SINCE the current crises that have hit the nation went haywire there have been a persistent accusation that many Nigerians who were supposed to have spoken on the state of the nation have kept studied silence.
The question now is: who should speak and who should not? In my thinking, it is not every person that always has the desire to speak on critical national issues. Some choose not to speak for personal reasons, which does not necessarily border on cowardice or lethargy. Some others who have something to say may not know how to say it.
On the whole, I find it worrisome that some top Nigerian leaders have chosen to keep quiet, while the nation burns. What is happening today is unprecedented in the annals of this great nation.
My worry is that we have forgotten so soon the past: what Nigeria went through to be where it is today. When the crisis in the 60s that led to the Nigerian Civil War started many never fathomed it would snowball into a huge conflagration that was later to consume millions of innocent lives and set the nation several years back. Have we recovered from the civil war? Yes, the war has ended, but the scars are still fresh.
When the clouds were gathering at that time those who were expected to speak out in condemnation of the atrocities that were taking place chose to maintain studied silence, pretending that what was happening was normal. By the time they realized the reality the nation had been thrown into commotion and anarchy. People started running helter-skelter. But it was too late.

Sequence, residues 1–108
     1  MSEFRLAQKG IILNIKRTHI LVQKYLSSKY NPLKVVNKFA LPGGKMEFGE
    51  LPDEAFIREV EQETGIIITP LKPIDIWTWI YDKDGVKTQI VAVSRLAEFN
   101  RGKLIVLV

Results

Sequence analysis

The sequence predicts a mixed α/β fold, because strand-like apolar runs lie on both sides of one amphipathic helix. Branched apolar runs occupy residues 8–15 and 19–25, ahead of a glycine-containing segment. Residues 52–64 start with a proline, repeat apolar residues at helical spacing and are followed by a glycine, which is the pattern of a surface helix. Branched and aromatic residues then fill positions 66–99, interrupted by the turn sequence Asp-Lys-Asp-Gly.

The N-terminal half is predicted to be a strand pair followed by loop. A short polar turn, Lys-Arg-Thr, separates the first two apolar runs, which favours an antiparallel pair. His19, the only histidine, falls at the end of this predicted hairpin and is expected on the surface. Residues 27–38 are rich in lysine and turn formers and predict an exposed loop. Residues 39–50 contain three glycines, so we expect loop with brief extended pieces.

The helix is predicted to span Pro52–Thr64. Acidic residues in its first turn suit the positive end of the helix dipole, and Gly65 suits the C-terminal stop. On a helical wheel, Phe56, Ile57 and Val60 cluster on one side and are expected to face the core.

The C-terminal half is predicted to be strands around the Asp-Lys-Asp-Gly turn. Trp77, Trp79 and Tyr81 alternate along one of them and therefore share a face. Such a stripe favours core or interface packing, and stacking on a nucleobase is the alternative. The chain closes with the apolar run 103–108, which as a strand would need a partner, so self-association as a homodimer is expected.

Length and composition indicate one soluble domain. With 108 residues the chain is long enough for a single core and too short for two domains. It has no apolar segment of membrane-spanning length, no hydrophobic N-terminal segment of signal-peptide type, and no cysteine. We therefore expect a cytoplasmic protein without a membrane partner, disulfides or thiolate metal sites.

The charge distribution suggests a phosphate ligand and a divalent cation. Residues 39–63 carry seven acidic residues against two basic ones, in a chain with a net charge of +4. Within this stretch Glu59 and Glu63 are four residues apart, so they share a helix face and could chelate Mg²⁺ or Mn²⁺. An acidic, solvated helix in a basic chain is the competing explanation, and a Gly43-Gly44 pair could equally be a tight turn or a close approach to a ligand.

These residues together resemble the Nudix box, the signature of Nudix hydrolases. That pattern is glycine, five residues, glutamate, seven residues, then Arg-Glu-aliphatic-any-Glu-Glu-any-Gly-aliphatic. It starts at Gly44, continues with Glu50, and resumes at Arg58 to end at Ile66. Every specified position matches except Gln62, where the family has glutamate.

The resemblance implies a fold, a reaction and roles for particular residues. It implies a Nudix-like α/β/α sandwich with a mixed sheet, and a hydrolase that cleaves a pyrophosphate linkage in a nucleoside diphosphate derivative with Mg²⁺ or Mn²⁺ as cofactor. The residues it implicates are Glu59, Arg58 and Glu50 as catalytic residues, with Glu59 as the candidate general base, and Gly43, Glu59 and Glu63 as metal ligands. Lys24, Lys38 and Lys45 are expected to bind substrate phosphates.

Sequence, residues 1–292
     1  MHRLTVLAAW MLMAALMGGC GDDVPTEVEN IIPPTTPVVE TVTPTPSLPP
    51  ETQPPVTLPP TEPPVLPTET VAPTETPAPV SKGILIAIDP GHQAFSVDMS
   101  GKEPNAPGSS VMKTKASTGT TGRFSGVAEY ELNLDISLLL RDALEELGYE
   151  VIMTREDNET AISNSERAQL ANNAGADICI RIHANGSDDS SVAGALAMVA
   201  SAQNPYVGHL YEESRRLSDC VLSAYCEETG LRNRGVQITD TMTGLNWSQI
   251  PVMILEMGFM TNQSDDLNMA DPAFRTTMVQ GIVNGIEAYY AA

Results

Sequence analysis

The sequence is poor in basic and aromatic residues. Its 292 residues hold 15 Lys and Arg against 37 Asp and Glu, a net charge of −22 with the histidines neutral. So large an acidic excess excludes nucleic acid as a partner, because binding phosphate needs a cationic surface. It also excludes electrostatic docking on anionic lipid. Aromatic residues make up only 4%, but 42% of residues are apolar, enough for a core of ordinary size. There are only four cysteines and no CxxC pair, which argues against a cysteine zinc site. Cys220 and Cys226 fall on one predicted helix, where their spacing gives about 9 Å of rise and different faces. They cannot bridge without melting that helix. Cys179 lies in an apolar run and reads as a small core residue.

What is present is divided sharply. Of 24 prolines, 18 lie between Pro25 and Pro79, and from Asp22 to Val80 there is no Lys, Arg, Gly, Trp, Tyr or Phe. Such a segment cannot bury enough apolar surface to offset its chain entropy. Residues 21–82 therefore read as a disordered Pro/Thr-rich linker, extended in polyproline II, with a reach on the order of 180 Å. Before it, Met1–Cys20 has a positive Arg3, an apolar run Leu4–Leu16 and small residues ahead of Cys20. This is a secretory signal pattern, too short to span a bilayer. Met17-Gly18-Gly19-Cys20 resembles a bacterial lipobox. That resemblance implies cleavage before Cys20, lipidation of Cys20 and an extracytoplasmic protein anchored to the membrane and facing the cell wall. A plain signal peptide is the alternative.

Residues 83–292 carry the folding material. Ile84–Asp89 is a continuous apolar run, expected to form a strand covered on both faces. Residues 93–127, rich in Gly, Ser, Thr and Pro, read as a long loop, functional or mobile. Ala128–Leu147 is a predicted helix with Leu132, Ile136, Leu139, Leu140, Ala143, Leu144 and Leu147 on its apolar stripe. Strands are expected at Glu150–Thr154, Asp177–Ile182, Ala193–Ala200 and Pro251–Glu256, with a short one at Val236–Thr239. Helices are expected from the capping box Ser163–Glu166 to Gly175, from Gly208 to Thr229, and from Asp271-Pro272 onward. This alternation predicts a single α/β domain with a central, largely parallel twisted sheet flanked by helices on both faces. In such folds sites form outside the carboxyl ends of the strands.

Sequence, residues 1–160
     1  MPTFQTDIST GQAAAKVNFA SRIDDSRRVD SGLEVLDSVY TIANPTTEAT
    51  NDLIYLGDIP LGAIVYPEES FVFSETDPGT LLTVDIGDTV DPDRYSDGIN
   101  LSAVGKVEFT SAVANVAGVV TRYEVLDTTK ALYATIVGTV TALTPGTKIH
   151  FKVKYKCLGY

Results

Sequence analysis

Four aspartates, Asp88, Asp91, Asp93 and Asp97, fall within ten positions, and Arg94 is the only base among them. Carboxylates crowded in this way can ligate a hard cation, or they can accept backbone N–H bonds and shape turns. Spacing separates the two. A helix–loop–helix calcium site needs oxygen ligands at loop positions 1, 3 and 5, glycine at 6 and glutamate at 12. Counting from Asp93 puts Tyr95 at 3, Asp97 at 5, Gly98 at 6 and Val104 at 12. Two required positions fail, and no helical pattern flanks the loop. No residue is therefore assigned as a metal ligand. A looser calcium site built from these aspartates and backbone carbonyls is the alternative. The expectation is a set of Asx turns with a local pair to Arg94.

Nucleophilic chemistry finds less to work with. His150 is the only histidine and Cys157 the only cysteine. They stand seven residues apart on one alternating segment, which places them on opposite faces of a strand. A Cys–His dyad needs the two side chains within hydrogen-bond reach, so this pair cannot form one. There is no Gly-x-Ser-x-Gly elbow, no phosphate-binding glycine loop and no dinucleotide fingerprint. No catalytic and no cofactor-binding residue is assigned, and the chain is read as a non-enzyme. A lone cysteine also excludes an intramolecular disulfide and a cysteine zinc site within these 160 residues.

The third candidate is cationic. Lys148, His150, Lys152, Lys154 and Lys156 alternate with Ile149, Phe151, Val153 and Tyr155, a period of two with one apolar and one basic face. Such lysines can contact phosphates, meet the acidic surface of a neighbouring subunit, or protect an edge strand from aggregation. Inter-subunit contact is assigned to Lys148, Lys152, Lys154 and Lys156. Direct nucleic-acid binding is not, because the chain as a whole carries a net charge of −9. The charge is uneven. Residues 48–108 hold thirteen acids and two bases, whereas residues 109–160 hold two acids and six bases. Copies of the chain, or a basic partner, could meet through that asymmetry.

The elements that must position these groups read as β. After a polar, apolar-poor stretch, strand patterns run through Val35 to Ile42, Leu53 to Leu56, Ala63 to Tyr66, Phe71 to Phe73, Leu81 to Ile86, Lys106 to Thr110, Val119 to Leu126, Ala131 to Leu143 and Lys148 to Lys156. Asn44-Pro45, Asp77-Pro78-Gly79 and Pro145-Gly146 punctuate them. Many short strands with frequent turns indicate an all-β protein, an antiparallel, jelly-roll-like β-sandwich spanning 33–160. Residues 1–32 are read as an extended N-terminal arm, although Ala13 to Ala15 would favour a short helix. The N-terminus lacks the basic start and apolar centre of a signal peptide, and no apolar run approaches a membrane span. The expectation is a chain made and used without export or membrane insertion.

Sadly, this same scenario is playing out today as the nation experiences one of its roughest times since it returned to civilian rule. Many highly-placed Nigerians have refused to speak out against the selective killings and brigandage taking place, particularly in the north of the country. What else do we need to see before we stand up to be counted? Only last week an innocent woman was brutally beheaded by irate Islamic fundamentalists in Kano. What of the bombing of oil installations in the Niger Delta Region, which has led to the loss of over 600,000 barrels of crude daily?
Those who should speak up have rather chosen to play the ostrich – burying their heads in the sand and turning their faces away from the sordid and barbaric incidents that have characterized life in Nigeria at present. Worst of all, they have refused to caution their people, even when they had the opportunity and influence to do so.